• Balance: Top-notch youth workers maintain a healthy personal life. They manage their own well-being and set clear boundaries to avoid burnout, ensuring their interactions with youth remain positive and productive.

5 strategies and tips for working with at-risk youth

Understanding at-risk youth and developing the mindset and skills needed to work with them is just the beginning. Here are five practical strategies for engaging and building relationships with at-risk youth.

1. Create an emotionally safe space.

Emotional safety is about creating an environment where young people can express their feelings and thoughts without fear of ridicule or criticism. It allows young people to freely explore their emotions and feelings and develop self-confidence and trust. This can help young people build healthy relationships, develop empathy, and communicate more effectively.

To create an emotionally safe space, listen without judgment. Practicing active listening can be an effective way to ensure a safe space for young people. Ask open-ended questions and repeat what the person has said to show that you are listening. Finally, provide positive feedback to show that you value their thoughts and feelings.

2. Engage in healthy communication.

Healthy communication forms the cornerstone of strong relationships. It means creating an open dialogue where everyone feels heard and respected. This promotes trust, mutual understanding, and a stronger connection between the youth and their mentor.

The OARS approach can help you communicate well and exchange information with empathy and respect:

  • Open-ended questions: Get teens to share their thoughts, perspectives, and experiences with open-ended questions.
  • Affirmation: Affirming statements encourage and support youth, building their sense of hope and belief that they can achieve their goals.
  • Reflection: Show empathy by carefully listening, repeating, rephrasing, inferring (guessing what the youth is trying to communicate), and reflecting back.
  • Summary: Summarizing lets the youth see that the professional listened carefully, and it reinforces or emphasizes key points.

3. Be generous with praise.

Positive reinforcement is a powerful tool for motivating at-risk youth and building self-esteem. It’s about acknowledging their efforts and achievements and helping them recognize their strengths and capabilities.

For effective praise, be specific and authentic. Don’t just say “good job;” highlight exactly what they did well. For instance, “I noticed how well you handled that disagreement with your classmate. You were really patient and understanding.” Genuine, thoughtful praise can help young people develop a more positive self-image and inspire them to continue positive behaviors.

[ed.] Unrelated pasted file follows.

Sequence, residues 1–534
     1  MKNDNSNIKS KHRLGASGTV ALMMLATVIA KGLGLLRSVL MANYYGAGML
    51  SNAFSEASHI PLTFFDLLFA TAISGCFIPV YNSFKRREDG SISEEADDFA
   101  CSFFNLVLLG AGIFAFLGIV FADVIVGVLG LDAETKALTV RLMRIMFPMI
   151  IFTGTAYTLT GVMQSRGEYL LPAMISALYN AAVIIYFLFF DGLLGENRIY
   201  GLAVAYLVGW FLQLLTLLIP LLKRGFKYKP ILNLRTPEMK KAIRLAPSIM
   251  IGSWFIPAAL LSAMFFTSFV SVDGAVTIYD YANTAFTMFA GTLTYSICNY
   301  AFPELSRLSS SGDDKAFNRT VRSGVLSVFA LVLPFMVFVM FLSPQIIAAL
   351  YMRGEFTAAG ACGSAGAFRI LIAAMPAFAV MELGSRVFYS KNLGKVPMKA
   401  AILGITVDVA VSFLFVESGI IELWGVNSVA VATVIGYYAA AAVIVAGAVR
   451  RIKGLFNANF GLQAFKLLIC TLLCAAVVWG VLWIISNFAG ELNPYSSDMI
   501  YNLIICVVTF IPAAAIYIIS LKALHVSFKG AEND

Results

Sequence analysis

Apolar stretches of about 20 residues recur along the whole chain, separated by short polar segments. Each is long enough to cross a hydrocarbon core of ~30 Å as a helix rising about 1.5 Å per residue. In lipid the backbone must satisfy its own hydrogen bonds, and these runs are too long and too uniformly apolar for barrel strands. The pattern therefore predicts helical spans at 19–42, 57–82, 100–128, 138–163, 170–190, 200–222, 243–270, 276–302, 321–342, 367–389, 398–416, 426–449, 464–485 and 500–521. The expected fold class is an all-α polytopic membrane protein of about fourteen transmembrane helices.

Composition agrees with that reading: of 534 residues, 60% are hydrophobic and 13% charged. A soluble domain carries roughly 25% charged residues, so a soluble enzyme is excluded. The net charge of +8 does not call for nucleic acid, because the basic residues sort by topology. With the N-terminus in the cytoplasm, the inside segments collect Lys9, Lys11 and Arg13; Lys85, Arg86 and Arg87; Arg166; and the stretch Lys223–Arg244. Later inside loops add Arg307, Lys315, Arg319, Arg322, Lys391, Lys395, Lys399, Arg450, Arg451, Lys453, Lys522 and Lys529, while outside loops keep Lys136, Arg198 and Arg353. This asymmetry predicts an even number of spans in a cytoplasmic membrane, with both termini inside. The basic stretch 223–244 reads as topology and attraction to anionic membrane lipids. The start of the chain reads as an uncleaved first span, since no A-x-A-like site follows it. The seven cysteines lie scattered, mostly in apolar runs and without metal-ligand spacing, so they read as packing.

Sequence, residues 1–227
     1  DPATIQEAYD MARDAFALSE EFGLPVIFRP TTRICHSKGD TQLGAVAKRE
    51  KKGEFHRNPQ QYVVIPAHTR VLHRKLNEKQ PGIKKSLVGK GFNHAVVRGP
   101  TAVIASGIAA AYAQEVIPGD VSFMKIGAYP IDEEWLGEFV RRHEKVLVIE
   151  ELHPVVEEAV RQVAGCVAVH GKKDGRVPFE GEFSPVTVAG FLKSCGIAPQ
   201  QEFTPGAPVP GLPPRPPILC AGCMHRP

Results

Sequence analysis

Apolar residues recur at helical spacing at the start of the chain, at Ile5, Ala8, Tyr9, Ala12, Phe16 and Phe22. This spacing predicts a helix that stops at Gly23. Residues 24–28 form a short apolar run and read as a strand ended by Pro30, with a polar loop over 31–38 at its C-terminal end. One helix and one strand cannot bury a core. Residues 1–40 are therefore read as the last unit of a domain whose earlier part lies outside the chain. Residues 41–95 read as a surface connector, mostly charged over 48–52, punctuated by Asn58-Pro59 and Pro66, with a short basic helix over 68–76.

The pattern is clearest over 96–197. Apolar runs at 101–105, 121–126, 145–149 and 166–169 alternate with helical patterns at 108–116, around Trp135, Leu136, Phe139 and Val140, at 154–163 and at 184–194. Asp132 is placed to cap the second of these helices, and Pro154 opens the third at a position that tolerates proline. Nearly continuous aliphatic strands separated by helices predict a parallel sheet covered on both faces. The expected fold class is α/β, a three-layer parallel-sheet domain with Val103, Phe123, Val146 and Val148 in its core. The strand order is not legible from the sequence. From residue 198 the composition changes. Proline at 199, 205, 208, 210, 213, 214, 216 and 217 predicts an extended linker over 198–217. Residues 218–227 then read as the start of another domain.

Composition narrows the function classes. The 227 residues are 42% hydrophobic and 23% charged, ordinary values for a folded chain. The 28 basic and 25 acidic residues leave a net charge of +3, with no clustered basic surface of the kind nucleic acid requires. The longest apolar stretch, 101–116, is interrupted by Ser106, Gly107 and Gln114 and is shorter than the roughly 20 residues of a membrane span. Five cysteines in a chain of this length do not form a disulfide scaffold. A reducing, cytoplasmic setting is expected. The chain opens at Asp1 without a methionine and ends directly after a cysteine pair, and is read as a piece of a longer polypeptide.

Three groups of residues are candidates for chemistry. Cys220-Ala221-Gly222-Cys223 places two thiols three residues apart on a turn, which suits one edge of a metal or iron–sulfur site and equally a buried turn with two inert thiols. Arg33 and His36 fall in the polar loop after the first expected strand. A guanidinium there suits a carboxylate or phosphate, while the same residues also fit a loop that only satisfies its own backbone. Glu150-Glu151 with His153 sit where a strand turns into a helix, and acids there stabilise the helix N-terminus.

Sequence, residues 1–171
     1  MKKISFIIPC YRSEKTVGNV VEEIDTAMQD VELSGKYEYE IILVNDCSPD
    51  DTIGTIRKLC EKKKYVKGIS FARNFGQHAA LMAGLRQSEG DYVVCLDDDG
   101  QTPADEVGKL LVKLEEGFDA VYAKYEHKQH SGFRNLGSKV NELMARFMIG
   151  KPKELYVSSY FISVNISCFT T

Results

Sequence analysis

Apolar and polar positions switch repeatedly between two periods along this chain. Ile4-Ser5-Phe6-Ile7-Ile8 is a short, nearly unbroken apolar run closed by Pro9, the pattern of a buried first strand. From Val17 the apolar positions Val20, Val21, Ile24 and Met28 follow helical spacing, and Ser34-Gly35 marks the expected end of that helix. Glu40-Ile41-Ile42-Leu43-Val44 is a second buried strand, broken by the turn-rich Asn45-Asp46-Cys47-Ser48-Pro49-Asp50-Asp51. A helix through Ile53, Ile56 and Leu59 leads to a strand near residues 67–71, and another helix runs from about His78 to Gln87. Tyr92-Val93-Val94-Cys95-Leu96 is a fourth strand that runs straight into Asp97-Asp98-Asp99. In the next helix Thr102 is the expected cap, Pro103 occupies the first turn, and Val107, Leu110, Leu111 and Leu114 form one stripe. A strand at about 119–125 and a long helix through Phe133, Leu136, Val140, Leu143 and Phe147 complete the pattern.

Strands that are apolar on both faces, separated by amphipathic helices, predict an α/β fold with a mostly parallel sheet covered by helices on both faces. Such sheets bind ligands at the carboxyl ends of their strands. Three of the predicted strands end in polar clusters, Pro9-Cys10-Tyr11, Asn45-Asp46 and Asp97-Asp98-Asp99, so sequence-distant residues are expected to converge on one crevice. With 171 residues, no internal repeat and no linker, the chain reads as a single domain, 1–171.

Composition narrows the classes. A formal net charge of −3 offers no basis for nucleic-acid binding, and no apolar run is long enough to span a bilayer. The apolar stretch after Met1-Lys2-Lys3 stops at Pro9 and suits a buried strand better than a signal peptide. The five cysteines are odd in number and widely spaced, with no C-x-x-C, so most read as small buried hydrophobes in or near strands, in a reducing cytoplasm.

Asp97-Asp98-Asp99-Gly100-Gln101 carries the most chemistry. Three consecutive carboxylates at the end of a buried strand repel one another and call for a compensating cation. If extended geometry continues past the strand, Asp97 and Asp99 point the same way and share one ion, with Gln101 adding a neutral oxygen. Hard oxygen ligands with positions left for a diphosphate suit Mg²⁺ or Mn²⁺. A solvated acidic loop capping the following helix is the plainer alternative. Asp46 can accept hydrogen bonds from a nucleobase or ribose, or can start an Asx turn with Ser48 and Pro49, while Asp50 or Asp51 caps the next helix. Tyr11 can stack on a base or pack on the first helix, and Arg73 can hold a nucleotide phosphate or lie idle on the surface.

4. Recognize common emotional triggers.

Recognizing emotional triggers means understanding what situations or actions may cause a strong emotional response. This understanding can help prevent conflicts or misunderstandings and help youth better manage their reactions.

To recognize emotional triggers, pay close attention to young people’s behaviors. If you notice a pattern, discuss it with them in a respectful and non-accusatory manner, such as, “I noticed that you seem upset when we talk about homework. Can we talk about that?” Addressing triggers proactively can help youth develop coping mechanisms and create a more supportive environment.

5. Practice de-escalation.

De-escalation involves calming a situation that escalates into conflict or negative behavior. It’s a critical skill when working with at-risk youth because it helps them regain control of their emotions and prevents minor incidents from escalating.

To practice de-escalation, respond calmly and softly when a child displays intense emotions or behaviors. Avoid getting defensive and validate their feelings. You might say, “I see you’re really upset right now, and that’s OK. Let’s take a few deep breaths together.” By remaining calm, you can show them how to handle intense emotions.

Make a difference with Rawhide

Empathy, communication, and practical strategies are essential when working with at risk youth. From creating emotionally safe spaces to understanding emotional triggers, youth workers have many ways of impacting young lives.

If you want to make a difference, there are many ways to get involved. Explore our programs at Rawhide or contact us for more information. Let’s join hands in guiding our youth toward brighter futures.